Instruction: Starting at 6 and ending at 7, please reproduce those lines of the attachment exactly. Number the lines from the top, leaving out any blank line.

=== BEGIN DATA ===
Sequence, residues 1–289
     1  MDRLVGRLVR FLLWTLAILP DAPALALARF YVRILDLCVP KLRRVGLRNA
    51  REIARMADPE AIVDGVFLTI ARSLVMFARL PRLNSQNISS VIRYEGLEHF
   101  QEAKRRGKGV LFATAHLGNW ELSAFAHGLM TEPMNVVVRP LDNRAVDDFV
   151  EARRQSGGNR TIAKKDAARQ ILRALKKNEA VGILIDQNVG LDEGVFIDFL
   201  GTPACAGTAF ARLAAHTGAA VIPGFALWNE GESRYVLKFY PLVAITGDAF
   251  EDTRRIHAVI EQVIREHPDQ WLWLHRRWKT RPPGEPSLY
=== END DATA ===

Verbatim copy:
   201  GTPACAGTAF ARLAAHTGAA VIPGFALWNE GESRYVLKFY PLVAITGDAF
   251  EDTRRIHAVI EQVIREHPDQ WLWLHRRWKT RPPGEPSLY